Mycophenolate mofetil as adjunctive therapy to corticosteroids for the treatment of pyoderma gangrenosum: a case series and literature review.

Pyoderma gangrenosum is a rare neutrophilic dermatosis that is commonly treated with systemic corticosteroids; however, their potent side effects may warrant tapering, and non-steroidal systemic immunosuppressants may help maintain or bolster disease clearance during weaning. Although cyclosporine is regarded as a favorable corticosteroid-sparing agent, it is associated with several side effects, such as renal toxicity and hypertension, that may limit its feasibility. Mycophenolate mofetil is a well-tolerated alternative with limited data. Institutional review board approval was obtained to review patients from a single institution who received mycophenolate mofetil for pyoderma gangrenosum between January 1, 2010, and December 31, 2019. A systematic MEDLINE (PubMed) review was performed of articles containing linked keywords: "mycophenolate mofetil" and "pyoderma gangrenosum". Patient demographics, presentation details, and treatment regimen characteristics were recorded. Fourteen of our pyoderma gangrenosum patients were treated with mycophenolate mofetil concomitantly with prednisone. Ninety-three percent of our patients achieved improvement within 12 months (mean 4.5 months), including five patients who experienced complete healing. Outcomes in literature patients were comparable; 77% either improved or maintained clearance with mycophenolate mofetil. Greater than 80% of total patients experienced healing or adequate disease control at a median dose of 2000 mg daily. The most common side effects of mycophenolate mofetil were myelosuppression and gastrointestinal upset, which were both seen in 18% of patients. Although this study is subject to publication bias, mycophenolate mofetil appears to be an efficacious and well-tolerated adjunctive therapy option for pyoderma gangrenosum.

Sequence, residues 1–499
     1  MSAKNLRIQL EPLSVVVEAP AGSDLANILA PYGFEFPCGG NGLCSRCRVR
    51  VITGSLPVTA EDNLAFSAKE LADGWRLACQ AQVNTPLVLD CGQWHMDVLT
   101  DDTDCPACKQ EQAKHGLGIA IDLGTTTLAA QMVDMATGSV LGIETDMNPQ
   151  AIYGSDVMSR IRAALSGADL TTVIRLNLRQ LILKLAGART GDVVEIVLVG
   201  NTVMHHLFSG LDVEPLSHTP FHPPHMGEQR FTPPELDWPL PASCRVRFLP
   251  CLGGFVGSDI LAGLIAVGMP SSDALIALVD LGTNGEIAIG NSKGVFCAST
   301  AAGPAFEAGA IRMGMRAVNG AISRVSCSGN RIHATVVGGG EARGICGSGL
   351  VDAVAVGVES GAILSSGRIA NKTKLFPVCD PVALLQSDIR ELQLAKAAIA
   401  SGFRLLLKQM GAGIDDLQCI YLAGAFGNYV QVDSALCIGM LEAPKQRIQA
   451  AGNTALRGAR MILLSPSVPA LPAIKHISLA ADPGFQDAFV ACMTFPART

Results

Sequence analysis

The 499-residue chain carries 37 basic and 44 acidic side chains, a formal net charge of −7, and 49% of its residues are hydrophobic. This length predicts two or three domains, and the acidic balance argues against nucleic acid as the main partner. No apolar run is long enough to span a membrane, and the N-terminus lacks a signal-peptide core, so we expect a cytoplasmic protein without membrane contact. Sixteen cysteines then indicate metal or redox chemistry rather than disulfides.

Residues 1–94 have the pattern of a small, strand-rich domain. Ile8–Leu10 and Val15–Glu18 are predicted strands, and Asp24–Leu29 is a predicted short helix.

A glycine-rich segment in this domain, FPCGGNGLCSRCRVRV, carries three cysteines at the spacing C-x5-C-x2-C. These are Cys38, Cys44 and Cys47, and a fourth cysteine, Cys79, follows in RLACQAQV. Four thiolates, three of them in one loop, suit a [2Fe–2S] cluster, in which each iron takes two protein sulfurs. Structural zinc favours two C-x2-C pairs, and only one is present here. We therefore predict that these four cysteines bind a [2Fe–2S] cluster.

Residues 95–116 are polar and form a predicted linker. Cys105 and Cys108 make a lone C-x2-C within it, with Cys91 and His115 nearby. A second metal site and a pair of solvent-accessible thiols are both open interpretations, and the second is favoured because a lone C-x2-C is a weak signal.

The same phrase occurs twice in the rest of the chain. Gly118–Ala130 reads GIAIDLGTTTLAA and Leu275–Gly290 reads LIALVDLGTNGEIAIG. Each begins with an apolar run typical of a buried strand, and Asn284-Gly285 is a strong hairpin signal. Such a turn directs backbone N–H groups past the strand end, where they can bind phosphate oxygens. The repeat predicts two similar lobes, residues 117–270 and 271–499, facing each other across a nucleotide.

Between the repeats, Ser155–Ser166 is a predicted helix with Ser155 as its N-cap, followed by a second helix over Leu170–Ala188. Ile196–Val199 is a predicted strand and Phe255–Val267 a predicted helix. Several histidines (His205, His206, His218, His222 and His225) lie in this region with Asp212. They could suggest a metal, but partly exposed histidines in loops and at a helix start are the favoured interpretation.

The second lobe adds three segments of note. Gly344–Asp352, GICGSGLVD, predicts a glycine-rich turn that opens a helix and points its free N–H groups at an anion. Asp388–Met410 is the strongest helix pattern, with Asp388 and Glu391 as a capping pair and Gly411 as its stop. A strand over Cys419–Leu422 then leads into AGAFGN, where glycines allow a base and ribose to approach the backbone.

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Authors: Matthew L Hrin, Arjun M Bashyam, William W Huang, Steven R Feldman